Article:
Darcy successfully resisted Elizabeth’s charms during his visit to Hertfordshire, but when he learns of her imminent ruin, he decides he must propose to save her from disaster.  However, Elizabeth is reluctant to tarnish Darcy’s name by association…and the viscount still wants her…

Can Darcy save his honor while also marrying the woman he loves?

I hope you enjoy it!

Cover Reveal for New Novel: Darcy’s Honor

Here’s the cover for my upcoming novel, Darcy’s Honor, which is available for pre-order on Amazon and Smashwords (and soon at BN.com, Kobo, and Apple).  It should be out on April 13 on Amazon and a little later elsewhere.

Also, there’s a cover reveal and giveaway at JustJane1813! http://justjane1813.com/2017/04/05/darcys-honor-by-victoria-kincaid-a-cover-reveal-giveaway/?replytocom=12628#respond

darcys-honor-web

Where is the Justice in Austen?

This is a recent blog of mine published on Austen Authors.  Enjoy!  I’d love to hear your opinions as well.

wickham-wedding

Readers often comment on the fact that in Pride and Prejudice there is no comeuppance or cosmic justice for the “bad” characters.  Although Wickham is shackled to Lydia and is forced into a new job, he gets off very easily for someone who has behaved so despicably.  Other characters who are deeply flawed end up no worse by the end of the book.  Collins will still inherit Longbourn, and he gets a wife who is far better than he deserves.  Miss Bingley and Lady Catherine continue on their merry ways, protected by their wealth and status.

Indeed, one of the fun things about Jane Austen Fan Fiction is that we can imagine some kind of justice for these characters in the form of imprisonment, death, or simple humiliation.   They are so flawed that their comeuppance can serve as a great source of humor as well as providing the satisfaction of having the wicked punished.  I have written such scenes; they are great fun and very emotionally satisfying.

Yet, even when I write them, I am aware that in some ways such scenes are not in keeping with Austen’s original intent.  She clearly intends that the bad/flawed characters should not suffer an evil end.  It would be easy enough for her to serve up some kind of cosmic justice to them.  However, it is enough for her that good characters have loving marriages and find secure places for themselves.  This is true in all her novels.  Fanny Dashwood gets to live off her ill-gotten gains.  Willoughby gets lots of money.  Lucy Stone gets the rich guy.  There is no justice meted out to Fanny Price’s relatives or Anne Elliott’s.

In some ways it is unsatisfying.  Don’t you want someone to take Lady Catherine down a peg?  Or tell Collins what a fool he is?  But in other ways, it feels exactly right.  It certainly makes Austen’s stories more true to life.  Haven’t you ever met someone who doesn’t deserve the good fortune they enjoy?  We struggle to earn a living while someone who is shallow or downright nasty glides along on inherited wealth—or is just in the right place at the right time.  Or you meet a couple where you think, “he/she doesn’t deserve a spouse like that.”  I believe, one of the reasons we don’t mind the absence of the kind of emotionally satisfying closure you get with other books is because it does feel familiar to us.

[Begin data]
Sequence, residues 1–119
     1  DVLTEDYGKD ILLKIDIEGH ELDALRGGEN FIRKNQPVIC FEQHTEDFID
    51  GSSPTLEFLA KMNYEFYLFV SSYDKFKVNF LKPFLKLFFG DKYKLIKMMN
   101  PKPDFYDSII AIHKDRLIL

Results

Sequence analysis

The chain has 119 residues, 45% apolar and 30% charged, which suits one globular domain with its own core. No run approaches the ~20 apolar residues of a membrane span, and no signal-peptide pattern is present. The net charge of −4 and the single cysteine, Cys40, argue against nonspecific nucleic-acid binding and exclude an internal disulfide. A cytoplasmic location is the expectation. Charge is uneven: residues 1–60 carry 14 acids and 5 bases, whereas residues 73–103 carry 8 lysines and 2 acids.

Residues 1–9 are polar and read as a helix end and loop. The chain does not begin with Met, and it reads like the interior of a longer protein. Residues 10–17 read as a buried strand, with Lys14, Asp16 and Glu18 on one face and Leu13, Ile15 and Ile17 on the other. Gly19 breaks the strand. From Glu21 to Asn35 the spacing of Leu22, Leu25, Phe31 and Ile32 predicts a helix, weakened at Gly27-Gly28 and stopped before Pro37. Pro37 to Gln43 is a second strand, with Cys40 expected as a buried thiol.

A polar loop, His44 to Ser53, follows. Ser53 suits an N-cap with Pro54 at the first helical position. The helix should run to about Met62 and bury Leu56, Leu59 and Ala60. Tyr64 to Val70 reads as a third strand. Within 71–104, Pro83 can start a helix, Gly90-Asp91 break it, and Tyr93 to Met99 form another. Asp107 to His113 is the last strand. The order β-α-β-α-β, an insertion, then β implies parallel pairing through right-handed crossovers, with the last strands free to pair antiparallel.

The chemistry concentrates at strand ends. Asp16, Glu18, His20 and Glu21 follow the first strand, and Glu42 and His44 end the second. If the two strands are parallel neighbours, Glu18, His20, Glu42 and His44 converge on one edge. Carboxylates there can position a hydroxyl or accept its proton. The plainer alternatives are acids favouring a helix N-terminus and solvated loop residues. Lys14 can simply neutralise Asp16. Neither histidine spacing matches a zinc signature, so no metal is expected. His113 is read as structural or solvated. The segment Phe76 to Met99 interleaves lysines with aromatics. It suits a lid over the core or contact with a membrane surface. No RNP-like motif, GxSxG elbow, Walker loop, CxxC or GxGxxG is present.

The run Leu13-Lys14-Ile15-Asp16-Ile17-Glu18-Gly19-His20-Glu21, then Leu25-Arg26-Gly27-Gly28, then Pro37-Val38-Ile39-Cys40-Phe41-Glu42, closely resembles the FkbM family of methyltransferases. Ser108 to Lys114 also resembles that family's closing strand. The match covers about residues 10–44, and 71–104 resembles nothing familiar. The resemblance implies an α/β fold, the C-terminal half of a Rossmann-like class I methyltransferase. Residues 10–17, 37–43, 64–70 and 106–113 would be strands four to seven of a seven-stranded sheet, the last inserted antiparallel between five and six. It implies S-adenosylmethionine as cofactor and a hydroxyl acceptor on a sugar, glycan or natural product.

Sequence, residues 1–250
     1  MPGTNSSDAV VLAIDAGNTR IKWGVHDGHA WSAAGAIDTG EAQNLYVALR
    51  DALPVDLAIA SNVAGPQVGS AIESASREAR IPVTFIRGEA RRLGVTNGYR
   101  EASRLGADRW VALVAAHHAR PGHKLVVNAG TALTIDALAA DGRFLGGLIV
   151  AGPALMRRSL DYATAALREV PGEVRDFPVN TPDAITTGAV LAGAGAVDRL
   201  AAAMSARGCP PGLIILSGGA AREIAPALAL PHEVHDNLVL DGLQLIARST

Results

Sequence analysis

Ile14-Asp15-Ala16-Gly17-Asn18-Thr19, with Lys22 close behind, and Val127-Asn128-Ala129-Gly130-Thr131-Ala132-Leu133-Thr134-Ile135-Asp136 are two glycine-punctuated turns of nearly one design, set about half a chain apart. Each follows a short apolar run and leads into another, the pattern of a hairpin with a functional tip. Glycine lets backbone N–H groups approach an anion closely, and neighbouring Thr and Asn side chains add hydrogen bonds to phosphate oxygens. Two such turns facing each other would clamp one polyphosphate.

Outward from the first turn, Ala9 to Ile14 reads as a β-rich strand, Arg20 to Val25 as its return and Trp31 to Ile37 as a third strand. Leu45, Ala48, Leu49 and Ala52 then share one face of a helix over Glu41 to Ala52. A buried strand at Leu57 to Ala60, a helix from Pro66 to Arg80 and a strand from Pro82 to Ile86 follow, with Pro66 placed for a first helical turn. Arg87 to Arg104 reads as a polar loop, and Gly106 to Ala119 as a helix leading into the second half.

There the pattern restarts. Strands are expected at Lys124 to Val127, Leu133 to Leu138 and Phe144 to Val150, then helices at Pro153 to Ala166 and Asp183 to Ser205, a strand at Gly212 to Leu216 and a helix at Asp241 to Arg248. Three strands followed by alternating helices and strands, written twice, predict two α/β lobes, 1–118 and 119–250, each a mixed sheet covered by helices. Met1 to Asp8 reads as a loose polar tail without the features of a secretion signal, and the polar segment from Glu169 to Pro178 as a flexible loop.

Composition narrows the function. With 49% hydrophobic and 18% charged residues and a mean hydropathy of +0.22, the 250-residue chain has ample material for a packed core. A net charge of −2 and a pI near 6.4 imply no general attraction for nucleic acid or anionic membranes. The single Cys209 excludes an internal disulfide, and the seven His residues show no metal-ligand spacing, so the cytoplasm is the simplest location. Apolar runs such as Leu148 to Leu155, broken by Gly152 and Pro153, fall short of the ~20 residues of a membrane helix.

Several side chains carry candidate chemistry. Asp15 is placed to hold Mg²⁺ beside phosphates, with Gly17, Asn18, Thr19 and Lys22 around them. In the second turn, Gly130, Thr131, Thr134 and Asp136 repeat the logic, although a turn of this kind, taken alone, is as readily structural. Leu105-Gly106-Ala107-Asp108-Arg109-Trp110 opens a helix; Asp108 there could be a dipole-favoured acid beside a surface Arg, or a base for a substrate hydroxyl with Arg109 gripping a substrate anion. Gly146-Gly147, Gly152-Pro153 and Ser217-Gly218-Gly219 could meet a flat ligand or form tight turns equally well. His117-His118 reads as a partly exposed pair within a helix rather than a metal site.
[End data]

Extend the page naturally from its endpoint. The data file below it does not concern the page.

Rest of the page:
They also feel true to us in the way that the flawed characters cause trouble for the “good” ones.   Some of her characters do scheme and deceive for the sake of their own ends.  But in general, the wrongs they cause are a result of carelessness.  Wickham ruins Lydia’s reputation because he’s fleeing creditors and wants some company on the road, not because of some evil master plot.  And doesn’t that feel true to life?  Haven’t you had a friend who was in a bad relationship with a guy who was just careless of her feelings—without any evil intent?   They can cause just as much, if not more, damage as someone who actually intends harm.

Certainly characters like Lady Catherine or Collins or Miss Bingley or even Mrs. Bennet don’t rise to the Lord Voldemort—or even the Snidely Whiplash— level.  Their biggest flaws tend to be excessive self-regard and lack of sympathy for others.  Again, the wrongs they cause are mostly through carelessness (or in Collins’s case, excessive stupidity).  Doesn’t that feel familiar?  How often do friends and family cause deep wounds without intending to?  You experience the pain while also understanding that it stems from the other person’s own flaws rather than malice.  Austen’s characters remind us of people we know, albeit often exaggerated versions.

Ultimately, what sets the “good” characters apart from the “bad” ones is greater self-awareness—which is its own reward.  All of Austen’s heroines don’t end up wealthy, although they all have secure homes.  But they all benefit from an understanding of themselves, sympathy for those around them, and awareness of their own flaws.  In fact, becoming aware of one’s flaws is part of the plot of many of Austen’s books.  The reward for that journey of self-exploration is the ability to form a truly loving relationship with another person.  And that, Austen demonstrates, is what the flawed characters miss out on.

 

Giveaways of A Very Darcy Christmas!

I’m lucky enough to be a guest at three different blogs which are offering excerpts and giveaways of A Very Darcy Christmas.  Check it out!

http://calicocritic.blogspot.com/2016/12/book-excerpt-and-giveaway-very-darcy.html

https://moreagreeablyengaged.blogspot.com/2016/12/available-at-amazon-happy-holidays-to.html?showComment=1482336973248#c3909149365579615725

http://babblingsofabookworm.blogspot.co.uk/2016/12/a-very-darcy-christmas-by-victoria.html

Giveaway and 4.5 Star Review

There is a Giveaway and a lovely 4.5 Star Review for A Very Darcy Christmas at From Pemberley to Milton.
Rita writes, “This is a very entertaining book full of laughter and holiday spirit but it can be read at any other time of the year. It is funny, romantic and up to the standards Mrs. Kincaid already got us used to. She marvels at adding humor to her stories and yet keeping true to Jane Austen’s characters, and A Very Darcy Christmas is vivid proof of her proficiency in this type of stories.”  Thank you, Rita!

https://frompemberleytomilton.wordpress.com/2016/12/10/a-very-darcy-christmas-review-giveaway/